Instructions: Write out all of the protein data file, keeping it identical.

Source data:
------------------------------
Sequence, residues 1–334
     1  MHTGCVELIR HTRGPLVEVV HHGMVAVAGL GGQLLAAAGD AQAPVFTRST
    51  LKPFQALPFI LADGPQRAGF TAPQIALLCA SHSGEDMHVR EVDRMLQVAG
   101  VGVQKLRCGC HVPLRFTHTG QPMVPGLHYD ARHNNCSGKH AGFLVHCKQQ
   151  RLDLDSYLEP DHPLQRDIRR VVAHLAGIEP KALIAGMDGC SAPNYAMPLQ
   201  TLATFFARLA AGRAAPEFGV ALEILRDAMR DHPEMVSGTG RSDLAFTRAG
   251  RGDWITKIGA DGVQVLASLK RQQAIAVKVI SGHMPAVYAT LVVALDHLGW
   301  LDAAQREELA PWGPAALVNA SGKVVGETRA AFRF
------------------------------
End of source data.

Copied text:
Sequence, residues 1–334
     1  MHTGCVELIR HTRGPLVEVV HHGMVAVAGL GGQLLAAAGD AQAPVFTRST
    51  LKPFQALPFI LADGPQRAGF TAPQIALLCA SHSGEDMHVR EVDRMLQVAG
   101  VGVQKLRCGC HVPLRFTHTG QPMVPGLHYD ARHNNCSGKH AGFLVHCKQQ
   151  RLDLDSYLEP DHPLQRDIRR VVAHLAGIEP KALIAGMDGC SAPNYAMPLQ
   201  TLATFFARLA AGRAAPEFGV ALEILRDAMR DHPEMVSGTG RSDLAFTRAG
   251  RGDWITKIGA DGVQVLASLK RQQAIAVKVI SGHMPAVYAT LVVALDHLGW
   301  LDAAQREELA PWGPAALVNA SGKVVGETRA AFRF